Jose Gonzalez and band at ACL Fest, Saturday, Oct. 10, 2015. Photo by Peter Blackstock

Walking the grounds of Zilker Park during the Austin City Limits Music Festival, what you hear more than anything else for three straight days is LOUD. From indie-rock to hip-hop to EDM to mainstream pop, most acts abide by the premise that the best way to get attention is to pump up the volume.

Which made Saturday’s stellar performance by Jose Gonzalez all the more remarkable. Playing a classical guitar and singing in sweet but hushed tones, the Swedish singer-songwriter enchanted a crowd of faithful fans and new converts who squeezed into tight quarters under the tent at the Tito’s Stage.

Most of Gonzalez’ material is original, though even when he tosses in the occasional curveball cover — Kylie Minogue’s “Hand on Your Heart,” Massive Attack’s “Teardrop” — he adapts it so completely into his own sound and style that it might as well be his own. Supported for most of the set by keyboards and acoustic guitar at stage left and a drummer and Latin percussionist at stage right, Gonzalez dressed the songs in subtle rhythms and textures, keeping the lead and harmony vocals at the center.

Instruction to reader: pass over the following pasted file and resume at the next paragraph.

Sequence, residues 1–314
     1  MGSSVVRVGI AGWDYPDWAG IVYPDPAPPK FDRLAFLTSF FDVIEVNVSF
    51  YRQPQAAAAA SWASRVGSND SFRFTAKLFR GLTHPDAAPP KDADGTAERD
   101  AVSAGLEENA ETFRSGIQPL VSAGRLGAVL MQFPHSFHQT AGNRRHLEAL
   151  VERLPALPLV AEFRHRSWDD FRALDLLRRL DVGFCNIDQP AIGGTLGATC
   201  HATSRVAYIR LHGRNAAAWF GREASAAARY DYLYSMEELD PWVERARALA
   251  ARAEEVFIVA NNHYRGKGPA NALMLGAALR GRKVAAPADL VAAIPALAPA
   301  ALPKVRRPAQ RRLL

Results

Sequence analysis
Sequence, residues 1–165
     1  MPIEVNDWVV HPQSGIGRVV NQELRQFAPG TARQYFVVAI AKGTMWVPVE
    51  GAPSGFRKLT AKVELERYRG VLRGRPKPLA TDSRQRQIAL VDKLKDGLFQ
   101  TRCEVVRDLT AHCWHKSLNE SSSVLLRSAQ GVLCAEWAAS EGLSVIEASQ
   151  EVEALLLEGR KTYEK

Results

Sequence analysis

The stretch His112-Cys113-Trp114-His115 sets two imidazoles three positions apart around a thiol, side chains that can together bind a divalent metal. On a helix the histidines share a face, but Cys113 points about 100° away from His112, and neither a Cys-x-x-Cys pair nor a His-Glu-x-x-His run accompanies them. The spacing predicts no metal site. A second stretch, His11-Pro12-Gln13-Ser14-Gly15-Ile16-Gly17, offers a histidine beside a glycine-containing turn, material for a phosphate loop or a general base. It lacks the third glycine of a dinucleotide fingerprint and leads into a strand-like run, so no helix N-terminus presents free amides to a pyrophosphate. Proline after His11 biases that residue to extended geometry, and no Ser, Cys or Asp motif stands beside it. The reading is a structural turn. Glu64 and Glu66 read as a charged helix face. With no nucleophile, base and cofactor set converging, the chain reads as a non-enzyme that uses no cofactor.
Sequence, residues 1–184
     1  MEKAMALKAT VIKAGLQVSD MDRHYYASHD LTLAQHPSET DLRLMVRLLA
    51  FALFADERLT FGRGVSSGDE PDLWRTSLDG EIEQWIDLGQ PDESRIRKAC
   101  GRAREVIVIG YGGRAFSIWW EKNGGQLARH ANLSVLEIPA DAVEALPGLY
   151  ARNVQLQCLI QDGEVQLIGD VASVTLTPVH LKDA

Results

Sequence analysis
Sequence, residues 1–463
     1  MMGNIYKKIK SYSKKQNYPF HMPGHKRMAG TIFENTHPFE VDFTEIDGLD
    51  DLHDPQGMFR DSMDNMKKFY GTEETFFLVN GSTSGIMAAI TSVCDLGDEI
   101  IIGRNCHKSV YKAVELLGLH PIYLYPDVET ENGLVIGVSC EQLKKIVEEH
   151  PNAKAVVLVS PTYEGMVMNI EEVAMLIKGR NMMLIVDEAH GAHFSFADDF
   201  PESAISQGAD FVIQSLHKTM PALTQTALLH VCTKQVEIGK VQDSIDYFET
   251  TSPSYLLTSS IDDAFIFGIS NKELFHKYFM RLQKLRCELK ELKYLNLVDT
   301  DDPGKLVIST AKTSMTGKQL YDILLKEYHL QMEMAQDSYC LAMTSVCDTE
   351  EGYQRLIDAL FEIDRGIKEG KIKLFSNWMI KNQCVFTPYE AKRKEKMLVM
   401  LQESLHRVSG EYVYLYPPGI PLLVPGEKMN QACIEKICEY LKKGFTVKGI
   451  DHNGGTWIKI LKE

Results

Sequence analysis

It was interesting, too, to watch the crowd as the set progressed. Early on, he lost a few bro-type partiers who quickly realized this wasn’t their jam. But a lot more in the crowd were singing along to songs they clearly knew by heart, and for the last few numbers, the tent was even more crowded than at the start, with passersby having been drawn in by the spell Gonzalez and his bandmates were weaving. And while other artists at ACL Fest occasionally coaxed their fans into clapping along, for Gonzalez such audience participation happened with no prompting at all.

Such an approach isn’t unprecedented, of course; former Austinite Sam Beam’s beloved Iron & Wine has made a career of the low-key approach for more than a decade. But it was nevertheless refreshing to see this careful, quiet songcraft go over so spectacularly with the Zilker crowd, with a Jose Gonzalez whisper carrying as far as a Dave Grohl scream.